Noah Graham
The first three topics listed here are directly related to my research program, while the others involve subjects in which I have interest and/or experience, but are likely to require the student to take more initiative in formulating and guiding the project; to quote physicist Victor Weisskopf, "I will contribute the necessary don't-know-how." I am also happy to discuss other potential topics in theoretical physics based on a student's particular interests. These topics could all be pursued in either Fall or Spring Term, and, depending on progress, interest, and logistics, all could potentially be continued as a PHYS 0705.
1. Computational Scattering Theory
We understand many physical systems by studying how they scatter light or other waves. This project will develop computational algorithms for wave scattering, which can in turn enable calculations of the effects of quantum-mechanical fluctuations in a variety of physical systems; possible applications, depending on student interest, could include Casimir forces in nanotechnology, magnetic flux vortices in superconductors, cosmic strings, or quantum effects in curved spacetime. Possible implementation platforms range from high-level Mathematica code to low-level C++ code, with both cases potentially taking advantage of large-scale parallel computation.
2. Solitons and Oscillons
With the exception of electromagnetism, the fundamental forces of Nature are all nonlinear - they do not obey the superposition principle - and even electromagnetism is nonlinear once quantum mechanics is included. One striking feature of many systems of nonlinear waves is the appearance of self-organized, localized lumps, held together by their own self-interactions. These lumps can be static (solitons) or oscillatory (oscillons). Such objects cannot occur in a linear theory, where disturbances simply disperse, like ripples in a pond or the beam of a flashlight. Solitons and oscillons have the potential to play important roles in physical systems ranging from superconductors to the early universe, but relatively little is known about them except in a few special cases. The power of modern parallel computation, however, offers significant opportunities to change this situation. This project will investigate the formation and stability of solitons or oscillons in a particular nonlinear problem chosen commensurate with background and interest.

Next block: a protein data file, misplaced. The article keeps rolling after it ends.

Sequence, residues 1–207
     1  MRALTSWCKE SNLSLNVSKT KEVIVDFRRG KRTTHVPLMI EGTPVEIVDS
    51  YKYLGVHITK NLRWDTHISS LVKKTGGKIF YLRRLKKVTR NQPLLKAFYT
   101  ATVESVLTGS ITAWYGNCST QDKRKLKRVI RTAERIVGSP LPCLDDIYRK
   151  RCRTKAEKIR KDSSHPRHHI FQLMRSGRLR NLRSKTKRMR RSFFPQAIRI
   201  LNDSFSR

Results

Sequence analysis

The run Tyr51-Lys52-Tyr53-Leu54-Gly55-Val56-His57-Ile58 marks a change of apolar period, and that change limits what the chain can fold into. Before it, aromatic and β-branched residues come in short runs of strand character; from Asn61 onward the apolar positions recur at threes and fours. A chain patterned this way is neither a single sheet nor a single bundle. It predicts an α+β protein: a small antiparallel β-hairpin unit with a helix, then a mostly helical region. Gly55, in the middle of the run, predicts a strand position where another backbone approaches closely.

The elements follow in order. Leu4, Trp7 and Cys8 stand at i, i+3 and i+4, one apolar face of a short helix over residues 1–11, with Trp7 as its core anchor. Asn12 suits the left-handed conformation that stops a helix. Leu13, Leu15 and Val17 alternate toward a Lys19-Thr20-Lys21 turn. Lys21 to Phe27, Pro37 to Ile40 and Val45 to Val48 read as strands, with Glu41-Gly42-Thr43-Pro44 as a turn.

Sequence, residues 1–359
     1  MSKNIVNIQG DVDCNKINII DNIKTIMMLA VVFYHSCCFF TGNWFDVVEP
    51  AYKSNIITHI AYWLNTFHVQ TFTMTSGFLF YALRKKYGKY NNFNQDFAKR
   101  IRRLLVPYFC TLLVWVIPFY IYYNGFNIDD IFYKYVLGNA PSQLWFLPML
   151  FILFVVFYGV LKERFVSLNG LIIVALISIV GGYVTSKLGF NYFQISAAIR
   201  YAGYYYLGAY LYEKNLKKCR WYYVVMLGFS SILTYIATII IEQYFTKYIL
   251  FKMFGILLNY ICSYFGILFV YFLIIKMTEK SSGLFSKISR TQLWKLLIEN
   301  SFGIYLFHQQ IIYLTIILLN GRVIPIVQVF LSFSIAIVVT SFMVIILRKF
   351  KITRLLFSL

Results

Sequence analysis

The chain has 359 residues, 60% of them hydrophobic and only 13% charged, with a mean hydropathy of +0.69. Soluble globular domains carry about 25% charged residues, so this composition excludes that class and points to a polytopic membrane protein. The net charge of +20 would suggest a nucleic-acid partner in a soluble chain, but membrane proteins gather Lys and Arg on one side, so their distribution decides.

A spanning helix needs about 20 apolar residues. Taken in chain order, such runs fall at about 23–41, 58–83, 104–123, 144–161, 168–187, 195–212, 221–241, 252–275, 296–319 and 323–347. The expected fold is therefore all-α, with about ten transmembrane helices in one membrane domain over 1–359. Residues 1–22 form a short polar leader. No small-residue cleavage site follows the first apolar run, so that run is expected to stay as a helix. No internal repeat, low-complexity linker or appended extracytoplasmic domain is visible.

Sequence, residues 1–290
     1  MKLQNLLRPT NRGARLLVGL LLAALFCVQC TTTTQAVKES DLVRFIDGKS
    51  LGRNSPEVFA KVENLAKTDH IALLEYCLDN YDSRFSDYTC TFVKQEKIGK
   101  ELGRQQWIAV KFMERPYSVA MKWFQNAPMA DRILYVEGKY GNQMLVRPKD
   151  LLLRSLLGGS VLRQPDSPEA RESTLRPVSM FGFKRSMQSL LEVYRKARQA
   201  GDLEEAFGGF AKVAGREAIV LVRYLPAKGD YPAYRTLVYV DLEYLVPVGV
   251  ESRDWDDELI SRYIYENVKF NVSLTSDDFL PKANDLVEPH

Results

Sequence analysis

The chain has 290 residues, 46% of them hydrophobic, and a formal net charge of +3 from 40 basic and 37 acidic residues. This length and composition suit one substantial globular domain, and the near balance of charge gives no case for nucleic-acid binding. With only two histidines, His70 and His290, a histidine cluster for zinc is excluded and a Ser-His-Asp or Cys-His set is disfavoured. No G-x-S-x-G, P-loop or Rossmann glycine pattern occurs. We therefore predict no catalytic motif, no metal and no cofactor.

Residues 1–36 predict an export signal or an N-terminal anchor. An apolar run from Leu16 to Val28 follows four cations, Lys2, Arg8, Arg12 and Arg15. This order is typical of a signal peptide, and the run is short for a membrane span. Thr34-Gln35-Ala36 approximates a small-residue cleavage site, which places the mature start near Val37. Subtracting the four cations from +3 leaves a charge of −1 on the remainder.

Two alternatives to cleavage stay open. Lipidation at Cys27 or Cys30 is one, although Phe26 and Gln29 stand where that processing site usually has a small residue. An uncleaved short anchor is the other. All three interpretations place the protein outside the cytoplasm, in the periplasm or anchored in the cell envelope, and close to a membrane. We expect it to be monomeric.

3. Special Functions in Mathematica
Motivated by applications from my research, my students and I have created packages for computing Mathieu and spheroidal functions in Mathematica, which are generalizations to problems involving elliptical and spheroidal geometries of the trigonometric, Bessel, and Legendre functions that we study for circular and spherical geometries in PHYS 0212. These packages are already publicly available and used by other researchers around the world, but there are a number of ways in which they could be improved. This project will create new versions of one or both packages with improved capabilities and performance.
4. Signal Processing and Pattern Matching
The same techniques of Fourier analysis that we use to study waves in quantum mechanics and electromagnetism can also be used to analyze a wide range of other wave-like signals, including speech, music, and images. This project will identify and implement a particular application of these techniques, such as identification of words or language in speech, chords or tones in music, or visual features in images.
5. Create Your Own STEM Innovation
Fostering innovation in STEM (science, technology, engineering and mathematics) disciplines has been a high priority in academia and industry around the world. Toward this goal, this project will create a technological solution to a concrete problem, drawing (of course) on topics in physics, likely in combination with other fields of science and mathematics. Although in most cases a single term will not be enough time to create a fully polished product, the project should be designed to produce a concrete "deliverable" - something that answers the question "Does it work?" - which could take the form of a prototype, a proof-of-concept, an extension of an existing technology, or a key component of a bigger system. Students taking on this project will need to take significant initiative before the start of the term to formulate the project; in particular, the proposal should identify the deliverable goal (recognizing that this goal may evolve over the course of the project), and should also lay out the experimental or computational "platform" on which exploratory work toward the project's goals can be carried out, which could take the form of software, electronics, or laboratory work.